don't confuse 'em, fred...
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Well, you could do it that way. But I saw it with a nice hardwood ball (oak or something) inside a cube made from some different wood.
snipped-for-privacy@spamcop.net wrote:

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mywebaccts (at) PLUGcomcast.net wrote:

Well, that is much cooler than the other one.
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snipped-for-privacy@spamcop.net writes:

I've seen one in Popular Science from the 1960's that had an arrow going through a glass. The drinking glass has two holes in it - the same diameter as the shaft of the arrow. The Arrow head and feathers (fletching) were twice the width of the glass hole.
This one was done, AIR, by soaking, squeezing the head in a clamp, pushed through, an then soaked again do it swells. I think it was balsa wood.
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The leg of the "T" is split down the middle, then glued back together. Since splitting follows the grain, and no material is lost to a kerf, the split is nearly invisible after gluing and sanding. -- Email reply: please remove one letter from each side of "@" Spammers are Scammers. Exterminate them.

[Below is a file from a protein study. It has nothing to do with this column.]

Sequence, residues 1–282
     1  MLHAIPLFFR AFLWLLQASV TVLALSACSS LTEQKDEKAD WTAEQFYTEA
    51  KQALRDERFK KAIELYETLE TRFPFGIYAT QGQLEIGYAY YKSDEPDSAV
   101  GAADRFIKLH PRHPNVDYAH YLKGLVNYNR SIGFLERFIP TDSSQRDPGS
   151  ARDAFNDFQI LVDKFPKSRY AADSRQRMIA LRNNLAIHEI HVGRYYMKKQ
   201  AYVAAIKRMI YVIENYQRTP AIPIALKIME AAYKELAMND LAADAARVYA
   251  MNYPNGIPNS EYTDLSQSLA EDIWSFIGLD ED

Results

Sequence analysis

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Bzzzt. The eBay page says:
"Only two pieces of timber are used, and there are no hidden splits."
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On Sat, 15 Oct 2005 23:21:28 -0400, Doug Warner

the guy says no hidden splits.
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snipped-for-privacy@spamcop.net wrote in

I used to carve the ball and cage that way when I was a kid. I remember being about 10, and having my grandfather teach me how to do it. We carved a variety of little things like that. That's more than 30 years ago, and still one of my best memories of grandpa.
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On Sun, 16 Oct 2005 05:09:27 GMT, Nate Perkins

Somewhere I have a bunch of ball-in-cages and chains that I carved sitting in various classes in High School. Now they would haul me out and shoot me for having a knife in class. I didn't learn much of the subject matter, but I got pretty good at carving!
-- "We need to make a sacrifice to the gods, find me a young virgin... oh, and bring something to kill"
Tim Douglass
http://www.DouglassClan.com
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I saw a Woodwrght's shop episode where Roy made one of these. Unlike the other trick dovetail (where the tails appear on all four faces of the joined pieces) this one required heavy clamping to bend the pieces when it was assembled. Other than that I can't recall any details. It is really secure, though - he used it for a mallet head.
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Chita wrote:

Think "slight taper", "notch" and "rotation".
What I think is a solution, posted in alt.binaries.pictures.woodworking as '"Impossible Joint?" - solution?, should make my hints a lot clearer.
charlie b (If this seems like the solution to you send half of the $2.95 US I saved you to your favorite charity)'